The Purge

directed by James DeMonaco

What if an alien in the future stumbled upon James DeMonaco’s The Purge? Welcome to Earthling Cinema, where we examine the last remaining artifacts of a once-proud culture and try to understand what human lives were like before their planet was destroyed. I’m your host, Garyx Wormuloid.

This week’s film:
The Purge (2013)
Stars: Ethan Hawke, Lena Headey, Adelaide Kane, Max Burkholder
Director: James DeMonaco
Production Co: Blumhouse Productions, Platinum Dunes

Written by: Ben Steiner
Directed by: Jared Bauer
Analysis by: Kevin Winzer
Starring: Mark Schroeder (https://twitter.com/mark_schroeder)
Edited by: Ryan Hailey (http://www.ryanhaileydotcom.com/)
Original Music by: David Krystal (http://www.davidkrystalmusic.com)
Opening Animation by: Danny Rapaport
Produced by: Jacob S. Salamon

The Purge’s Hidden Meaning – Earthling Cinema

Greetings, and welcome to Earthling Cinema. I am your host, Garyx Wormuloid. This week’s artifact is The Purge, starring 9-time X-Games gold medalist Tony Hawk.

The film takes place on Earth in the 21st century, when apparently things got so bad with Doritos Tacos and Snapchat and such that the government decided it would be an improvement to legalize murder.Not all the time, of course — that would be crazy. Just one day a year. And not even a full day. Half a day. That’s almost less than not doing it at all!

Our protagonist is James Sandin, the best damn home security salesman this side of the Mississippi Ocean. He’s living the American dream: a beautiful home, a non-descript wife, and kids who treat him with semi-hostile indifference. The Sandins sit down to a leisurely dinner, not particularly concerned about the impending free-for-all fuckfest.Then, five minutes before it begins, they remember, oh yeah, all crimes are about to be legal.Better lock up now. Christ dude, you didn’t even set an alarm?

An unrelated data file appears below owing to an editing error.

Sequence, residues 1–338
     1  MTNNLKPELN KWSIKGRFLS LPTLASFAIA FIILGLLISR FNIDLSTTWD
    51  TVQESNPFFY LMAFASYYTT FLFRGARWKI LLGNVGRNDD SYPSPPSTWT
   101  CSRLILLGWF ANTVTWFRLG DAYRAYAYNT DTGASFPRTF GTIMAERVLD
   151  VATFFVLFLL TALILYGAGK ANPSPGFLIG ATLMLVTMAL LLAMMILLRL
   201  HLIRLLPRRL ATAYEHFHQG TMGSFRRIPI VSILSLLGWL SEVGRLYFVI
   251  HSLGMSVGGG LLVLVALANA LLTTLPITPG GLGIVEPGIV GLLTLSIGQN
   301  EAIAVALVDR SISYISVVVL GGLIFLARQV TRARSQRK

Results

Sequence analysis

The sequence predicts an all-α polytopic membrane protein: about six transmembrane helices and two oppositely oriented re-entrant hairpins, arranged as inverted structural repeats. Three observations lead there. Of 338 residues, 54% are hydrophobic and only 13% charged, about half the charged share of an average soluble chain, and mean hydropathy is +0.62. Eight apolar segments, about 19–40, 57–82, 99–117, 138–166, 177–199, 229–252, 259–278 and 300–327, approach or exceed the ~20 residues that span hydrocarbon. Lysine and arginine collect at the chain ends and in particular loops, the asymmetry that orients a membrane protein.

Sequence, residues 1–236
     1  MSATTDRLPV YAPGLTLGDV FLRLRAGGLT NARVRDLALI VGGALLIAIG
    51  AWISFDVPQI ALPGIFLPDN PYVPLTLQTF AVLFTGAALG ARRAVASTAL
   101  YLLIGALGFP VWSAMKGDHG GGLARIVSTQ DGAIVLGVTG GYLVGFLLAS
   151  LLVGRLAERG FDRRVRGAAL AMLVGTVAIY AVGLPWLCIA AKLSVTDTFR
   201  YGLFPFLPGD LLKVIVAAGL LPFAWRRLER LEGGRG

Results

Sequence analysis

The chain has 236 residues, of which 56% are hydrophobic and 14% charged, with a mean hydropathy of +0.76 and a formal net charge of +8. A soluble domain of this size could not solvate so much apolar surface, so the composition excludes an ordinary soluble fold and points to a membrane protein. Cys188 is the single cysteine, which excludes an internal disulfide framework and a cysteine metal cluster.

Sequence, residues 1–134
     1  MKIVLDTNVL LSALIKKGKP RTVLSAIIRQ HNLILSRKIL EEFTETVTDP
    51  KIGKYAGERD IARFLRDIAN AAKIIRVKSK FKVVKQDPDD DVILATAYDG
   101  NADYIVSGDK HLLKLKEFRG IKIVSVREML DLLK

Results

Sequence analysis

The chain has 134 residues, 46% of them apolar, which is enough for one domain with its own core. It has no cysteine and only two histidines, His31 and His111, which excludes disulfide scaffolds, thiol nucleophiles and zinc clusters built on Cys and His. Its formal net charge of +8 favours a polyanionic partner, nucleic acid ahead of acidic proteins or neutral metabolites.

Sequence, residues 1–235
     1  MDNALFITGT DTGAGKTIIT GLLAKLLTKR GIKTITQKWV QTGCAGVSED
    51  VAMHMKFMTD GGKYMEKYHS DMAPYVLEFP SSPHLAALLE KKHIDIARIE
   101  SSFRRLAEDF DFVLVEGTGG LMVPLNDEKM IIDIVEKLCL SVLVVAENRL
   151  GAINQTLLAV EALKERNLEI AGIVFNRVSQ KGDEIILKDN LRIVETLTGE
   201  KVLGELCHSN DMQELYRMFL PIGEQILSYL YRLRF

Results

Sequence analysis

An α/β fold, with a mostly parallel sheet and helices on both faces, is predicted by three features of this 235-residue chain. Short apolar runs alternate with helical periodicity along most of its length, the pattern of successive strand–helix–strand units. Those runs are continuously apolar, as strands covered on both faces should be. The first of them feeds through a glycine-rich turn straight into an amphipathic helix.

Almost immediately the son lets in an injured guy off the street and the daughter’s boyfriend sneaks in, so maybe someone should have focused a little more on the lockdown, eh Jimmy boy? It’s fine though, because James cuts down that punk boyfriend, as any proud father should. Even ones that work in entertainment and don’t seem all that tough.

Anyway, just when you think the movie is gonna end after thirty minutes, a gang of rascally teens shows up wearing masks on their faces and guns on their hands. ➠They are hunting that injured homeless guy for sport, you see, and they want to finish him off real real bad. They tell James to hand him over or else they’ll come inside and purge all over the place. Which is not great news, because James’ security system is a piece of shit.

The Sandins beat up the injured guy for a while and tie him up with duct tape — the Milky Way Galaxy’s favorite tape — but their heart isn’t in it. They decide that just like philosopher Thomas Petty, they can’t do him like that. The teens break into their house and destroy everything, but also occasionally stop to watch the family in silent contemplation. This confusingly bipolar strategy allows the Sandins to off a few of them, but not before the leader kills James with a knifey to the tum-tum.